The move underlines the pivotal role which the nine Unionist MPs will play if, as expected, ministers save only around 13 of the 31 threatened pits and disappoint a potentially rebellious section of the Conservative backbenches.
Further delays have hit the white paper and the proposals, being drawn up by Michael Heseltine, President of the Board of Trade, are now unlikely to go to Cabinet this week as had been expected. Some Cabinet ministers are still thought to be battling for a settlement which would save as few as eight pits.
At least one meeting has taken place between Tim Eggar, the coal minister, and Roy Beggs, MP for Antrim East, who was given a specific assurance by a Cabinet minister last year that Northern Ireland would be considered in any energy review. After that pledge, the Unionists abstained in the previous Commons vote on pit closures.
Sources in Whitehall and Belfast were optimistic last week that the Government would meet a substantial number of the Unionist demands. Further informal discussions, possibly with the Northern Ireland Office, are expected to take place in the run- up to the statement on coal. The Unionist 'submission' to the department asked for include commitments on:
Construction of a gas pipeline between the mainland and Northern Ireland
An electricity cable from north of Stranraer to Island Magee in Northern Ireland
A bigger market for lignite, a soft brown coal available in large quantities in Northern Ireland.
Further informal discussions, possibly with the Northern Ireland Office, are expected in the run-up to the statement on coal. No formal deal has been struck and the Unionists' parliamentary party has not debated the issue. It is expected to reserve its voting intentions until the last minute. But one source said that discussions and reaction to the party's submission were going in the right direction.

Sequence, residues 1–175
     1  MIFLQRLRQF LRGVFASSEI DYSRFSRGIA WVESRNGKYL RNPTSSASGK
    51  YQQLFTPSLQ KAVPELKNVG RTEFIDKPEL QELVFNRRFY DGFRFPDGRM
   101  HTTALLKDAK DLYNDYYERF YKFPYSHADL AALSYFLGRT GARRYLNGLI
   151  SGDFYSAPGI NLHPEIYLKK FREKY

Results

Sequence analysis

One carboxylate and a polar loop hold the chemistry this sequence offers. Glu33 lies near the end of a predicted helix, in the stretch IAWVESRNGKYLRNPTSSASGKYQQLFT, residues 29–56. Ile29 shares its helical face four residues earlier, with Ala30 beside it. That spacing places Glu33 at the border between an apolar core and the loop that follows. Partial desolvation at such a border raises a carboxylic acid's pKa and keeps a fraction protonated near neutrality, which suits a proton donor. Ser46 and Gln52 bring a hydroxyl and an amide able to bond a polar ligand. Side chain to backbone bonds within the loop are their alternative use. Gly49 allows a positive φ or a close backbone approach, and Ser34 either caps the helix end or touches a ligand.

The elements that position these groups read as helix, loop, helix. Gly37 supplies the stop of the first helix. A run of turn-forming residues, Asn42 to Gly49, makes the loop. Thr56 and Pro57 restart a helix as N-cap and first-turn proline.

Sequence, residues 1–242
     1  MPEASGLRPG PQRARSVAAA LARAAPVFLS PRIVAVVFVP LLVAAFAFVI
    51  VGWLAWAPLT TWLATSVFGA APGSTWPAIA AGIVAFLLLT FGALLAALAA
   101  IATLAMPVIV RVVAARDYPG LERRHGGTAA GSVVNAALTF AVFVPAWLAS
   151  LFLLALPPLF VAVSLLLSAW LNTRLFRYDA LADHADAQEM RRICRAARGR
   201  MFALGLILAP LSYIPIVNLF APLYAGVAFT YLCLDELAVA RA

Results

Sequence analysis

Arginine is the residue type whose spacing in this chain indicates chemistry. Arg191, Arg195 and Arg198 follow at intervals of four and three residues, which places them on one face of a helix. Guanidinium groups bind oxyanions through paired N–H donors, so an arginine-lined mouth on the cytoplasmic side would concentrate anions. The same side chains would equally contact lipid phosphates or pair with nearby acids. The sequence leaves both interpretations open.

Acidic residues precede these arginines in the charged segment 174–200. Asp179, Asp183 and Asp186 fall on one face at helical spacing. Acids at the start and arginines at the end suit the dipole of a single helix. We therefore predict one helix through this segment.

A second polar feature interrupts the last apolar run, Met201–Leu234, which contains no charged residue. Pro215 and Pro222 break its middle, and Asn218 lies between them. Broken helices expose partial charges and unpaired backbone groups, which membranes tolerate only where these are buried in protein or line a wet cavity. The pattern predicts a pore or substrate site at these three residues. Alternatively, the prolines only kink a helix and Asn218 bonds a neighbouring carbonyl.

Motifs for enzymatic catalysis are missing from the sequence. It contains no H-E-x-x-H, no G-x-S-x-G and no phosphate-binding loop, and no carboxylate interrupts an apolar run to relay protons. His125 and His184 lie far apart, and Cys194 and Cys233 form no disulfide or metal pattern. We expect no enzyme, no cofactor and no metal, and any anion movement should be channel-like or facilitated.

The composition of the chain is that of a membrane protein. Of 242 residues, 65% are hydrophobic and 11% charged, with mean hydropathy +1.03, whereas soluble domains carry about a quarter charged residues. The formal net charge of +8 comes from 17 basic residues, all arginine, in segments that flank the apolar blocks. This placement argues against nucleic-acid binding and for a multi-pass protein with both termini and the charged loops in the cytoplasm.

The party, while determined to further Northern Ireland's interests, is not keen to do the Conservatives' 'dirty work', by helping it push through the closure of more than 15 mainland pits, or to bring the Government down.
Ministers may be able to make a number of pledges without promising large additional resources. British Gas is already planning to build a gas pipeline across the Irish Sea although no final decision is expected until the end of the year, when after the Monopolies and Mergers Commission has reported on the gas industry in Britain.
The pounds 200m cable - or interconnector - project has been planned by Northern Ireland Electricity, which expects to hear this week about its application for up to pounds 70m in grants from the European Community. The link, which would allow Northern Ireland to cater more easily for peaks in demand, will be paid for by the company.
The easiest way to expanding lignite use would involve the construction of a new power station in the province. The Northern Ireland Office and its Department of Economic Development will have an important say in determining the type of power station which observers believe will be needed within the next decade.
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